Badly Needed Renovations to U.S. Firehouses Could Cost $100B, NFPA Study Shows

A new NFPA report found that more than 21,000 firehouses across the nation are beyond 40 years of age and in need of significant overhauls.

QUINCY, Mass. — America’s desperate need to invest in decaying infrastructure extends to aging firehouses, according to a new report released by the National Fire Protection Association (NFPA).

The report, “Renovation Needs of the U.S. Fire Service,” shows that more than 21,000 firehouses across the nation — representing 43% of all such facilities — are beyond 40 years of age and in need of repairs. Total replacement costs are estimated to range from $70 billion to $100 billion, depending on space needs, location, site condition and department preferences.

The report draws on data found in the NFPA’s “Fourth Needs Assessment for the U.S. Fire Service,” a survey conducted in 2015 that compares what fire departments actually have with what existing standards, government regulations and other guidance documents state as being required in order to be safe and effective. Relevant case studies were also considered as part of the research project, the NFPA states in a press release.

The objective of the renovations study was to determine how old firehouses are today, and what it would cost to rebuild current, compliant structures that keep first responders safe from harm at their workplace.

The report identifies the number of stations that are more than 40-years old; are not equipped with exhaust emission control; are without backup power; do not have separate facilities for female firefighters; and need mold remediation.

Other key findings from the NFPA report include:

  • 61% of fire stations that are more than 40 years old are serving communities with less than 9,999 people.
  • A shortage of funding, tighter budgets and a lack of grants are likely reasons for the large number of older stations.
  • 29,120 fire stations (59%) in the U.S. are not equipped with exhaust emission control systems, which are critical for mitigating firefighter exposure to diesel fumes. These fumes can increase the likelihood of cardiovascular disease, cardiopulmonary disease, respiratory disease and lung cancer.
  • Assistance to Firefighter Grants have helped reduce the number of firehouses without exhaust emission control systems from 66% to 59%.
  • Approximately 17,030 fire stations (35%) do not have access to backup power, which is critical for business continuity during an emergency event. When the power is out, firehouses without generators may run into issues with phones ringing, computers running, trucks being fueled, and garage bay doors opening. The cost to install backup generators runs between $850 million and $1.7 billion.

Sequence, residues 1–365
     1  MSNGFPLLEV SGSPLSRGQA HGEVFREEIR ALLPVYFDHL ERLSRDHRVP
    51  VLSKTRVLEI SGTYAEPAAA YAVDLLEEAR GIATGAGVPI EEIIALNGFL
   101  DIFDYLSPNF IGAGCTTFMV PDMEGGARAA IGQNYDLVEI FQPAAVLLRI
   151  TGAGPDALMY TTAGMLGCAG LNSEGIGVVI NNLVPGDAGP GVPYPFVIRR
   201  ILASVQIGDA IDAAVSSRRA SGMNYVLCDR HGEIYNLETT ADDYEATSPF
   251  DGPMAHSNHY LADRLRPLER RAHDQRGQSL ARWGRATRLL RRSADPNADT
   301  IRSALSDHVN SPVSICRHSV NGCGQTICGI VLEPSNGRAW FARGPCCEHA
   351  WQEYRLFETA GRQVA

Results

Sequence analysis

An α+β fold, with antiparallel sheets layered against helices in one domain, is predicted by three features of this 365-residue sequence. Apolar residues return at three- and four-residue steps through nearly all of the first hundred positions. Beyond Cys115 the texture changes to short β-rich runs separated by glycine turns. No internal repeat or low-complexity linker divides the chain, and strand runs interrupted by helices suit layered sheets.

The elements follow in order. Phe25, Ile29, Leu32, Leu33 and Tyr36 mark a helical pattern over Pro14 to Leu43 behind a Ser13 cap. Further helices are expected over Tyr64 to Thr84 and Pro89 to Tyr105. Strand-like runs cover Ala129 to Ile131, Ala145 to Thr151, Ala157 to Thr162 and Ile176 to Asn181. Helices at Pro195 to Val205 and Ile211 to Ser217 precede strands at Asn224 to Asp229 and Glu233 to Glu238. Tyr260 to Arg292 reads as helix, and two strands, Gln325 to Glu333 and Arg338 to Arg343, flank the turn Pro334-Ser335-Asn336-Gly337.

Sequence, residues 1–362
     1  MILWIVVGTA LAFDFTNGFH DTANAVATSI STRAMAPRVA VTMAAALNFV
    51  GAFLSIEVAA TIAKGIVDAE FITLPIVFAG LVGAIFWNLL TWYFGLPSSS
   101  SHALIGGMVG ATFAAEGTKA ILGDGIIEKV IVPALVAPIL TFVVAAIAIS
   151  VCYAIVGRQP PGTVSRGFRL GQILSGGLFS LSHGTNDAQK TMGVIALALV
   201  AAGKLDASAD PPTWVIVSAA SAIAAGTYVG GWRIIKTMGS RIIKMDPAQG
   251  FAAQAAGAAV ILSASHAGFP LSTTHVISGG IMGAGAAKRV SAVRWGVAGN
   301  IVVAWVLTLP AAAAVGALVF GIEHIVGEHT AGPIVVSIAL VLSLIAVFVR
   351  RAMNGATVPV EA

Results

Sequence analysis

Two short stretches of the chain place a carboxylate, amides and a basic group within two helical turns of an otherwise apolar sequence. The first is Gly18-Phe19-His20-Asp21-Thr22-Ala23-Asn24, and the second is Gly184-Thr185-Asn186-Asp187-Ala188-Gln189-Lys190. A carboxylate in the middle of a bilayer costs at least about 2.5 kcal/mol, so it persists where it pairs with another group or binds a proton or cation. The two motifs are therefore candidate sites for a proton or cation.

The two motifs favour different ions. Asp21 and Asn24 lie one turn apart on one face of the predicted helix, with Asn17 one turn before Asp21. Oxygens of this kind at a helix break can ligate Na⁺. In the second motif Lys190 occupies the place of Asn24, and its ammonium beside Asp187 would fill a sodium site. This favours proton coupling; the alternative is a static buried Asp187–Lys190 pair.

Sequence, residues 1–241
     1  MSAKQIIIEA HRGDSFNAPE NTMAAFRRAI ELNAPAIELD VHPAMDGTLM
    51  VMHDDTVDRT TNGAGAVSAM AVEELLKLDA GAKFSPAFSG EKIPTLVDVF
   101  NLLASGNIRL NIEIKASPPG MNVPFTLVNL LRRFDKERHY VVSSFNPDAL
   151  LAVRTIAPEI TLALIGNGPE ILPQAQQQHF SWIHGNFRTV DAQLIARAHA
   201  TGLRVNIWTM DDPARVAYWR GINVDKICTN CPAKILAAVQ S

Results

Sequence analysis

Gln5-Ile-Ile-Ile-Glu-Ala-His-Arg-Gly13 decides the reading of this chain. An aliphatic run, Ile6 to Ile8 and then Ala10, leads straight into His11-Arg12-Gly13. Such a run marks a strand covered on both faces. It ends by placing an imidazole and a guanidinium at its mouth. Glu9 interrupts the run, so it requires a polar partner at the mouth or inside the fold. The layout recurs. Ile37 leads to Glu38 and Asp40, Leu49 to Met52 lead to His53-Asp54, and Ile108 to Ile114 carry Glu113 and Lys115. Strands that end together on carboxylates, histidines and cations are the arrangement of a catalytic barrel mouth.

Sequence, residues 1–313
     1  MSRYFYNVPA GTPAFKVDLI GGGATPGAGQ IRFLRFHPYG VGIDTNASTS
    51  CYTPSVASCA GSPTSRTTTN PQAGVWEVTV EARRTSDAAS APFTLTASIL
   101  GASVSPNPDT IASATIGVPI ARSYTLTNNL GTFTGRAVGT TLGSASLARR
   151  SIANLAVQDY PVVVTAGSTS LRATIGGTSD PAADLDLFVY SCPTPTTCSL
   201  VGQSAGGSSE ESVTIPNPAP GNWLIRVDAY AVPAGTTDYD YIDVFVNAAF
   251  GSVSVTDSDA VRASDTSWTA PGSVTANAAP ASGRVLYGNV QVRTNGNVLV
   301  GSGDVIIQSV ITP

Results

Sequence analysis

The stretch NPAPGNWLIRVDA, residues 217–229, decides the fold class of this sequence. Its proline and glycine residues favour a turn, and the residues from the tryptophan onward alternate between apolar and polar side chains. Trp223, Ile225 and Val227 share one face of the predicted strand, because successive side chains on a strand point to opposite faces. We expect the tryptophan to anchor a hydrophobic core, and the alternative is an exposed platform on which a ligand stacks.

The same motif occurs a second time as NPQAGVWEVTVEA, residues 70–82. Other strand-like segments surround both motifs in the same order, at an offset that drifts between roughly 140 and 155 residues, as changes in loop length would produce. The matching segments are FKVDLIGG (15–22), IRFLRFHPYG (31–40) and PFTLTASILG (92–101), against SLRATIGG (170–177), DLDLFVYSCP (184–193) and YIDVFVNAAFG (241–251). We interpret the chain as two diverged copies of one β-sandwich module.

• When fire stations were built 40-plus years ago, departments were exclusively male. Today, the most recent Needs Assessment estimates that 10% of career firefighters are female. The number of males and females in a particular fire department typically varies based on whether the fire company is career, volunteer or combination, as well as the size of the community. Further research is needed today to determine the number of stations that do not provide separate facilities for female firefighters and the estimated cost to renovate these stations.
  • The number of firehouses affected by mold is unknown, despite common perceptions that stations are susceptible given water damage, prolonged humidity, or dampness. All fire stations should allocate resources for mold prevention including dehumidifiers, proper ventilation, mold inhibitors, and mold-killing cleaning products to reduce the likelihood of seasonal allergy and pneumonia-like symptoms.

The complete “Renovation Needs of the U.S. Fire Service” can be downloaded here. For a broader understanding of fire service needs and trends, download the “Fourth Needs Assessment for the U.S. Fire Service” here.

About the Author

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Although Bosch’s name is quite familiar to those in the security industry, his previous experience has been in daily newspaper journalism. Prior to joining SECURITY SALES & INTEGRATION in 2006, he spent 15 years with the Los Angeles Times, where he performed a wide assortment of editorial responsibilities, including feature and metro department assignments as well as content producing for latimes.com. Bosch is a graduate of California State University, Fresno with a degree in Mass Communication & Journalism. In 2007, he successfully completed the National Burglar and Fire Alarm Association’s National Training School coursework to become a Certified Level I Alarm Technician.

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